Of course, the incident at the A-Rum checkpoint is a minor one compared to most Palestinian tales of abuse. One Palestinian woman tells me that four Israeli soldiers beat her one day for "mouthing off." Although she is an Israeli citizen, she has not reported the incident, and cannot really explain why. Many who have heard victims' testimonies say this is commonplace, as Palestinians who possess either Israeli citizenship or the coveted identification cards that actually allow them to work keep quiet for fear these privileges will be taken away.
In search of more bang-bang, we decide to travel to Bethlehem, which is officially closed for IDF operations. We find a way through neighboring Beit Jala, and travel a whole 200 meters before our taxi driver stops and points to an Israeli jeep. This is a "targeted operation": IDF soldiers going house to house to grab the men they want. The neighborhood is watching the whole thing from balconiesthis part of Beit Jala has missed most of the latest action. For the next five hours, we sit in the bushes and watch as the Israelis blow up doors, shoot up houses, and arrest people.
To make sure no one misses the fun, the army rounds up some 30 Palestinians who live in or near the houses they've targeted, and make them watch the show. But some of them are blindfolded, so they'll miss the best parta sighting of what appears to be a real-life "human shield," not three weeks after the IDF declared that it was "absolutely forbidden" for its soldiers "to use civilians of any kind as a means of 'living shield' against gunfire or attacks by the Palestinian side, or as 'hostages.' " But there one is, a Palestinian man in his mid thirties, knocking on the door, his hands raised, with soldiers cowering behind him.
The IDF spokesman takes a couple of days to comment on our pictures of the Beit Jala incursion, but does call back, good-natured as always. Captain Jacob Dallal thinks the real issue is terminology. "I reject the use of the term 'human shield,' " he says, steering me to the preferred "guides for informational purposes". He points out that the operations we witnessed netted the taxi driver of the Rishon Letzion bombings, and says that the use of civilians to grab suspected terrorists "is reasonable."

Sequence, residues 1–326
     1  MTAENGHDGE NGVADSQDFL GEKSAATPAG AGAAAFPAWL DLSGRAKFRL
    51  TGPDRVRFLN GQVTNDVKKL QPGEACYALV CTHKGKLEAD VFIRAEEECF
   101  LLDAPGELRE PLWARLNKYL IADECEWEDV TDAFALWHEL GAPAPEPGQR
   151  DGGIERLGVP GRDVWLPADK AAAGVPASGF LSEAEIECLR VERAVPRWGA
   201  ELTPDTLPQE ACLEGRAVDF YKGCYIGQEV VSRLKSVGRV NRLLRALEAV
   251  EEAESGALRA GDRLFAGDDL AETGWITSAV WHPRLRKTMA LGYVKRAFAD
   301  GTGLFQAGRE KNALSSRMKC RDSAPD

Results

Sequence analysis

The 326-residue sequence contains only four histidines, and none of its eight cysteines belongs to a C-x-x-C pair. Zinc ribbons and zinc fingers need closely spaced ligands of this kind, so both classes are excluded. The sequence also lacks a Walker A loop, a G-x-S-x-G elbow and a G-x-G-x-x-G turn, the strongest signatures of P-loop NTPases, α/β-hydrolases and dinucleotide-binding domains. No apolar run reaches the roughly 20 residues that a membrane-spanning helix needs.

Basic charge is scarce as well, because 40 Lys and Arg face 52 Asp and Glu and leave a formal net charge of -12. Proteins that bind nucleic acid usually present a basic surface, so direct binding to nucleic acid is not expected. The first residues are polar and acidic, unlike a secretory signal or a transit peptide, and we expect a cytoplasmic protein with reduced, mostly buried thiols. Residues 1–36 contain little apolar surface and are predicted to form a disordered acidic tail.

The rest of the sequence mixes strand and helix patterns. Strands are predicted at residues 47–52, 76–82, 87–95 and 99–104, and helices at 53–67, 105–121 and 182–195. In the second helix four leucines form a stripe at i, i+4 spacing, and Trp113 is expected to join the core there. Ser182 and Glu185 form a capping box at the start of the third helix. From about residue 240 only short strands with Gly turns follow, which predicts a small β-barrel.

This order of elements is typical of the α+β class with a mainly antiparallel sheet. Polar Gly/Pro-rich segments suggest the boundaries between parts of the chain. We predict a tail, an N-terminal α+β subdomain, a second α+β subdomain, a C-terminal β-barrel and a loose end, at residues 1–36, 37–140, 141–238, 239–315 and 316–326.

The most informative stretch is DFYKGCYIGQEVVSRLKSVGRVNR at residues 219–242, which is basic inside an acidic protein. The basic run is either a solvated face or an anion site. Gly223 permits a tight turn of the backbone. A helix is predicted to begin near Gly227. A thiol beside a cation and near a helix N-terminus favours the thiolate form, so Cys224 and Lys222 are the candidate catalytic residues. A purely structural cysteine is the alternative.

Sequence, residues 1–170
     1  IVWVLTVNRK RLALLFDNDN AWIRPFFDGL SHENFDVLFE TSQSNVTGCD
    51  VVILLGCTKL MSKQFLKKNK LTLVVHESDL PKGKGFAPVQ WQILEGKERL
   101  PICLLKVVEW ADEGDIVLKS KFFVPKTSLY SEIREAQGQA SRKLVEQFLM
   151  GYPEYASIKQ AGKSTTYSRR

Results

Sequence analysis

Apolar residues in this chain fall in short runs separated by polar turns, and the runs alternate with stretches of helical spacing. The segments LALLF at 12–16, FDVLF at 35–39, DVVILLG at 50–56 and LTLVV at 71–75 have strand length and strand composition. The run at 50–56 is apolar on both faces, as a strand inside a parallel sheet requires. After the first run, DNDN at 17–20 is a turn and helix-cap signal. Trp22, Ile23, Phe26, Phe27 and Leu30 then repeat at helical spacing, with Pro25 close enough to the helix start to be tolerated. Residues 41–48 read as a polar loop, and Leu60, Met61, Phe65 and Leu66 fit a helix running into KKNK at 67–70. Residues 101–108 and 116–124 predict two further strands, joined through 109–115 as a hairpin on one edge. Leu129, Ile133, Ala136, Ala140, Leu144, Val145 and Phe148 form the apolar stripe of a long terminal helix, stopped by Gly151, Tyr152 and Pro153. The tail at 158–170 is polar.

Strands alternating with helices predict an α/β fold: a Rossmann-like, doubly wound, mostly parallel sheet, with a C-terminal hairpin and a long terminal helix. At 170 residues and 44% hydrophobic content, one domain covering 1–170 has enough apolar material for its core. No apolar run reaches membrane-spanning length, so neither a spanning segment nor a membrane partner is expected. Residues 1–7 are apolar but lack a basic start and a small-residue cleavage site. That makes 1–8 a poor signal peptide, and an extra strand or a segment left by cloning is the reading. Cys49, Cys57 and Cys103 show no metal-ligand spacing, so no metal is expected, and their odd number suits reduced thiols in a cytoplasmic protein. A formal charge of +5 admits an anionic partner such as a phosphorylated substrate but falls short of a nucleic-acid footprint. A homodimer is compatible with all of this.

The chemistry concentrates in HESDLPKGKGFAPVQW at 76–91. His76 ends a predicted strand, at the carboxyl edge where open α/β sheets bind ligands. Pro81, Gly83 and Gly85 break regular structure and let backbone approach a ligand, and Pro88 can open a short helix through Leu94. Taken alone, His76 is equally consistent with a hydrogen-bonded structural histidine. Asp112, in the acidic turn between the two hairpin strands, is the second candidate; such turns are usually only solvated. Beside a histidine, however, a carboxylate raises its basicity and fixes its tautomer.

"We're living under terrible circumstances here," Dallal says, casually. "What do you want?"
Moshe Nissim's easygoing demeanor earned him the nickname "Kurdi Bear." Last month, Nissim, an army reservist, gave an interview to the Israeli daily Yediot Ahronoth, in which he recalled his experience operating a bulldozer in the Jenin refugee camp. He told the paper that after placing the flag of his soccer team, Beitar, atop his American-made Caterpillar D9 bulldozer, he started flattening houses. "When they told me to destroy a house, I took advantage of it and ruined a few more . . . the soldiers warned with a speaker, that the tenants must leave before I come in, but I did not give anyone a chance . . . others may have been more restrained. Or they say they have. Don't believe their stories."
For those unfamiliar with the D9, it is a wonder to behold, sort of the Great White of bulldozers. Manufactured by the Caterpillar company of Peoria, Illinois, it weighs over 50 tons without armor. "D9" is now a fixture in the growing American lexicon of Palestinian teenagers, along with words like "Apache," "Cobra," and "F-sittosh" (F-16). Usually, the Israeli army requires lengthy training before allowing soldiers to operate the D9. Moshe Nissim says he trained on the beast for only two hours.
Nissim says the army brass ordered the D9s out of the camp quickly, lest the international press get a look at them. "Jenin empowered me," says Nissim, who drank whiskey and munched on snacks in order to stay awake while he bulldozed. "I answered to no one."